If you are filled with pessimism by current affairs, and Brexit contributes to your anxieties, allow me to recommend a prescription to you. Daniel Hannan’s “What Next, How to get the best from Brexit” is an astonishingly good soother of the nerves.
Considered one of the masterminds behind Brexit, Hannan put forward the intellectual case for Leave. His book last year, “Why Vote Leave?” quickly became a Sunday Times bestseller, swaying opinions across the country. In his next book, with a clear vision and ladles of optimism he provides a much-needed target for the future of the relationship between the UK and the EU.
Hannan begins triumphally, lauding the efforts of the millions who made Brexit a reality – something for which he has campaigned most of his life – and tells the story of precisely what was happening behind the scenes during the campaign. This makes for reading that is rather fascinating. In roughly 50 pages, Hannan reveals goings on that may come across to some readers as quite shocking. Particularly noteworthy is the way he rubbishes Nigel Farage and Arron Banks, in such a way that you feel you are becoming privy to little known gems of political truth. Hannan convincingly concludes that the duo was actually less interested in winning the referendum, and more interested in “using the referendum as a vehicle to promote UKIP in general and Nigel in particular.”
After the juicy gossip of the politics behind Brexit is dealt with, Hannan moves onto dealing with the European Trade area and the technicalities surrounding it. Discussion of the relationships between states and the EU are chock full of jargon, but Hannan deals with what has come to be a somewhat impenetrable subject quite nicely. He first distinguishes between a free trade area and a customs union (giving examples along the way) and explains why we want to be a member of the former and not the latter.
As I read on, I thought that the book may as well be titled “Brexit for Dummies,” as its treatment of the issues at hand are so straightforward and sensible. But I think that may do the book a slight disservice, as it by no means treats its reader as a dummy. Hannan has enormous amounts of reverence for the reader, articulated in his characteristically eloquent style in a chapter named “Populism Versus Democracy.” For those uninitiated to Hannan, it may come as a surprise that he mentions immigration very little. He cares most about sovereignty and deregulation, not only highlighting their importance in an increasingly globalised world, but also showing ways that Britain can achieve its goals in these areas.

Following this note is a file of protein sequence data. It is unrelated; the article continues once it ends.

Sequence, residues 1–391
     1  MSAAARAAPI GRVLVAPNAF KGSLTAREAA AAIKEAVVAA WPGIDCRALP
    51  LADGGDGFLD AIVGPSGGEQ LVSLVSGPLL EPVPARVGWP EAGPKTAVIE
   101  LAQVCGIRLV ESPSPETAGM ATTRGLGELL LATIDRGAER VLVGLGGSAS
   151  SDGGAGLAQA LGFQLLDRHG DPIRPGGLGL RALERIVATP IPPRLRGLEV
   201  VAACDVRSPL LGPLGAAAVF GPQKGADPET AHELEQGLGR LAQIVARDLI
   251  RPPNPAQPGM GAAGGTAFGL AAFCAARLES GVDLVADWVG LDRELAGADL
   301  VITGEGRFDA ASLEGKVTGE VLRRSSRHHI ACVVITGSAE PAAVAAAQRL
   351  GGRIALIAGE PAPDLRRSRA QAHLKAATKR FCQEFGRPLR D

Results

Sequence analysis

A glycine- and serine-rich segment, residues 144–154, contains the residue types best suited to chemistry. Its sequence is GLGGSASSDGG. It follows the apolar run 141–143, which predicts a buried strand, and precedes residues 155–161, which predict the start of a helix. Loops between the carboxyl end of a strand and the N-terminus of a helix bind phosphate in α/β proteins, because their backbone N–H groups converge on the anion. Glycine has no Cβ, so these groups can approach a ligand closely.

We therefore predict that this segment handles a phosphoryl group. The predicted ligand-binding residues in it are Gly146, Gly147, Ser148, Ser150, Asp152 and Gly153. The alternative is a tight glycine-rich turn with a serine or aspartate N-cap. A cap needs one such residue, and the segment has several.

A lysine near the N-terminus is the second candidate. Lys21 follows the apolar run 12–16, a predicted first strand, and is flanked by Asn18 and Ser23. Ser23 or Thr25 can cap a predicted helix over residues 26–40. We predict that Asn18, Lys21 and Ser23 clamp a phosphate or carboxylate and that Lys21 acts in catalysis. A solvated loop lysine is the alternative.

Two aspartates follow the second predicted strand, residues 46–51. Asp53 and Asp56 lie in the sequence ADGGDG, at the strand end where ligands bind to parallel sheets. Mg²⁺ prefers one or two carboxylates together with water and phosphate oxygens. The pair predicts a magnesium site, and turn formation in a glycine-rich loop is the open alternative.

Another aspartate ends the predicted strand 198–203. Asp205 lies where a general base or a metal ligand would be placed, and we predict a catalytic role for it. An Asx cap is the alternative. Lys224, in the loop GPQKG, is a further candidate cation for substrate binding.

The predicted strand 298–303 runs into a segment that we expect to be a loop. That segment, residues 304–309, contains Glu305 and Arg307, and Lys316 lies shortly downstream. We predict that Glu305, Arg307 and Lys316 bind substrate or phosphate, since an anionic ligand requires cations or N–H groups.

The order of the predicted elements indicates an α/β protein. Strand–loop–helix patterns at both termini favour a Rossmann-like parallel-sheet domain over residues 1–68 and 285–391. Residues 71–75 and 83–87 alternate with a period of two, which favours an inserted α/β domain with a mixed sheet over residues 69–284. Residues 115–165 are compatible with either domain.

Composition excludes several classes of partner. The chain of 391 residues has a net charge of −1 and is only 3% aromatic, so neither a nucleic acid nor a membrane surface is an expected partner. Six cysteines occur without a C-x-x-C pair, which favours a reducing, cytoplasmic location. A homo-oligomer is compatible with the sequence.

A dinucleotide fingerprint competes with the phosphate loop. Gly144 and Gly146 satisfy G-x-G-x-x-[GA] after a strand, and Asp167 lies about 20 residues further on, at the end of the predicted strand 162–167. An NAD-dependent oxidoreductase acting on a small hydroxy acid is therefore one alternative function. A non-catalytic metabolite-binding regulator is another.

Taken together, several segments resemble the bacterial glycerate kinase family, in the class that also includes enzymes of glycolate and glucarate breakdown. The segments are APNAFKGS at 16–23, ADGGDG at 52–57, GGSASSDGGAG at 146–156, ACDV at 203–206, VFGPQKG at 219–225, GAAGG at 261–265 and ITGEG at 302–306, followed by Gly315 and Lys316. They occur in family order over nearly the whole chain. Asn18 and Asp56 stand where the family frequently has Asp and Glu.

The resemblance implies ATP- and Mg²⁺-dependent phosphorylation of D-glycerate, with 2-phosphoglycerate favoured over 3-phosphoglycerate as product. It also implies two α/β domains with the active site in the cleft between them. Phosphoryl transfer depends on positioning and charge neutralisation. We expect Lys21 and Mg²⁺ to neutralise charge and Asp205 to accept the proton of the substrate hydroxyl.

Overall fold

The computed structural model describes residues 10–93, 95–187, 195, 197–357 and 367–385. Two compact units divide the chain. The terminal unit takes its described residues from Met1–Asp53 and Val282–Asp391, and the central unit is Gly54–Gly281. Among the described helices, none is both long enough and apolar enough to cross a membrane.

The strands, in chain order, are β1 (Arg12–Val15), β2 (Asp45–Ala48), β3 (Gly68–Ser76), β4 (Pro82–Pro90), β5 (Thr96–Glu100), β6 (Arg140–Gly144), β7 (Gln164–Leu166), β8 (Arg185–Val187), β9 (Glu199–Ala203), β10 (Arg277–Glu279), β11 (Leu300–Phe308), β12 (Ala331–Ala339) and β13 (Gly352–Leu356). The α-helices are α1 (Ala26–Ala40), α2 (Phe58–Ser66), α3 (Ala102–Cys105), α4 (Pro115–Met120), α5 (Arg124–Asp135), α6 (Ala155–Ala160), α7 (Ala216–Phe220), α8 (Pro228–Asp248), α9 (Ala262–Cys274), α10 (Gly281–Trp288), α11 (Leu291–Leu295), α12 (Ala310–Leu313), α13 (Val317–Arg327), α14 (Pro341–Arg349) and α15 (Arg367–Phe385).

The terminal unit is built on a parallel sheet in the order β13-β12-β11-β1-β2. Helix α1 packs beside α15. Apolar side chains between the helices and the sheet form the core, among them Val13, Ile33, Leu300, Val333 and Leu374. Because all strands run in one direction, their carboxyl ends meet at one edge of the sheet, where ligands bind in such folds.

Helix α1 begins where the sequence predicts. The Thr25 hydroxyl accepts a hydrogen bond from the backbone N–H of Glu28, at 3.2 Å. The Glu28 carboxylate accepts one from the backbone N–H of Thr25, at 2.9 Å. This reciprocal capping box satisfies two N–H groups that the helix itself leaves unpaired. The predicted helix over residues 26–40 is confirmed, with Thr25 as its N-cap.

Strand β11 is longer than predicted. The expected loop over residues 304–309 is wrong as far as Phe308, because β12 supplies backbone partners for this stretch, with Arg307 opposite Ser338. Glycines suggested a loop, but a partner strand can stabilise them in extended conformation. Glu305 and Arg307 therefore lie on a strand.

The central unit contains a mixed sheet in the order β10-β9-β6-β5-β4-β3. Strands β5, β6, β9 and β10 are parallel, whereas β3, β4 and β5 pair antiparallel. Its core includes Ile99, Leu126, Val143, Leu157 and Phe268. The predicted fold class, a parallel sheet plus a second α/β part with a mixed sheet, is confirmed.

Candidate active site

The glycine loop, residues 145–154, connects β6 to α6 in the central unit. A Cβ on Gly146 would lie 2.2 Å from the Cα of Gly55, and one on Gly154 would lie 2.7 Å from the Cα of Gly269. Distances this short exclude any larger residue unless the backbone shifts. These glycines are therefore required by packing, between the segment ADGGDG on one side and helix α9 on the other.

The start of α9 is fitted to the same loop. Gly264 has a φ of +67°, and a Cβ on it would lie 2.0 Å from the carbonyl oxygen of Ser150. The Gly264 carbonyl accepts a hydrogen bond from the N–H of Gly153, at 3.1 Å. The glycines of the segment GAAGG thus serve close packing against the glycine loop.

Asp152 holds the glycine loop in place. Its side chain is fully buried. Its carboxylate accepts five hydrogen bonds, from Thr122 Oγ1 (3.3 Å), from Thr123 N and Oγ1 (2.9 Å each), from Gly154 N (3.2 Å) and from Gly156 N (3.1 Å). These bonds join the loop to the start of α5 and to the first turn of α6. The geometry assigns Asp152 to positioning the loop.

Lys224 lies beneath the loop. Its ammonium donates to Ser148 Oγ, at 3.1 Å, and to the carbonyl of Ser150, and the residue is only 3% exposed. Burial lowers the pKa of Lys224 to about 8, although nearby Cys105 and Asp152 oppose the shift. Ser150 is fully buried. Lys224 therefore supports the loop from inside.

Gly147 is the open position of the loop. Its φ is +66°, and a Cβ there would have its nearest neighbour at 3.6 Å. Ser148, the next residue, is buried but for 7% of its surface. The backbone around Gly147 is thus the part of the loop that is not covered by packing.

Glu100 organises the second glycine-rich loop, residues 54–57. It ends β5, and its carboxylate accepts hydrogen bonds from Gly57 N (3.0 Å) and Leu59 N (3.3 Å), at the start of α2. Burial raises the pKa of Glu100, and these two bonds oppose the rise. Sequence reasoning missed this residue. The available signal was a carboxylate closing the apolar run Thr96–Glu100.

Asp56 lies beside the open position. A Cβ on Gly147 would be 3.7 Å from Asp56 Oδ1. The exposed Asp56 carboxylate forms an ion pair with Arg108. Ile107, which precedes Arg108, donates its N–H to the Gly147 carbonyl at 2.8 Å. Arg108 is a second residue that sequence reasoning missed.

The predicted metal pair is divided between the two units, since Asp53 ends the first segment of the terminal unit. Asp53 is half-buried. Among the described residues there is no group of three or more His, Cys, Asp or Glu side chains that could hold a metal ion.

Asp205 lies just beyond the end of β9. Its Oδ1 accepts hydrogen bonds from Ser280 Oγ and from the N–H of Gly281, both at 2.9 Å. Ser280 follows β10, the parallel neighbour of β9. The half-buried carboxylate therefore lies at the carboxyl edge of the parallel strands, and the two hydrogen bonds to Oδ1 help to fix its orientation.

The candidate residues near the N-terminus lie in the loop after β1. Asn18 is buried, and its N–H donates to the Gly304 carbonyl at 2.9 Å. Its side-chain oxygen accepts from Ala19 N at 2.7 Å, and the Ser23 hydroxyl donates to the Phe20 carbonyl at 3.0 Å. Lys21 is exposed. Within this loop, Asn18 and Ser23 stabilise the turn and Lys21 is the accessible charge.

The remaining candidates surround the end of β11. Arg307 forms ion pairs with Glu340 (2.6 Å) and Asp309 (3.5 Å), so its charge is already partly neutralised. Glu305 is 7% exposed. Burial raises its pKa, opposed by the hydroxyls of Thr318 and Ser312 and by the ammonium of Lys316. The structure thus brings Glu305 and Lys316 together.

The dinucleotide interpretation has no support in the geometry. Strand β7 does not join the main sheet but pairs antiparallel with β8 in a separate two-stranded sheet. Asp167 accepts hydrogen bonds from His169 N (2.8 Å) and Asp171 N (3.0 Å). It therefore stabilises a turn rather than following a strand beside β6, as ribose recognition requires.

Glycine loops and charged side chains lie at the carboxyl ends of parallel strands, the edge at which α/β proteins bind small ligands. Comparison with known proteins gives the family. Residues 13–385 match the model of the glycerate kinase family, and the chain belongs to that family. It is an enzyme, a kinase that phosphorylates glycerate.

All the time Hannan reminds us that Brexit is not an event, but rather, a process. He also reminds us that because the UK is totally unique in its position in Europe, it should not simply seek to emulate Iceland or Switzerland, but rather get its own unique arrangement that is both as free market as possible as well as outside the political union.
On the single market, Hannan emphasises that membership is not as simple as a binary choice – something you don’t hear often. Hannan describes it as more like an amalgam of lots of different things: some very attractive, that work to the benefit of the consumer and bring down prices, and some not so good, like the common external tariff.
This might be worrying to some. A criticism that can be made of Hannan’s optimism, is that he treats post-Brexit arrangements like a cinema pick and mix, without the thought that Eurocrats may not be as sweet to the UK as he might like. But he maintains (and reasonably) that because in diplomacy decisions are made present in mutual interest, rather than grudges, an outcome will be achieved that is mutually beneficial. After all, no one wants to be poorer.
Hannan’s book is easy and fun to read, and gives the reader a realistic plan as we move forward that will benefit, not only the UK, but Europe also.
This review was originally published by the Adam Smith Institute and is reprinted with permission.
(Photo credit: Gage Skidmore. This photo has been cropped and slightly modified for size. CC BY-SA 2.0.)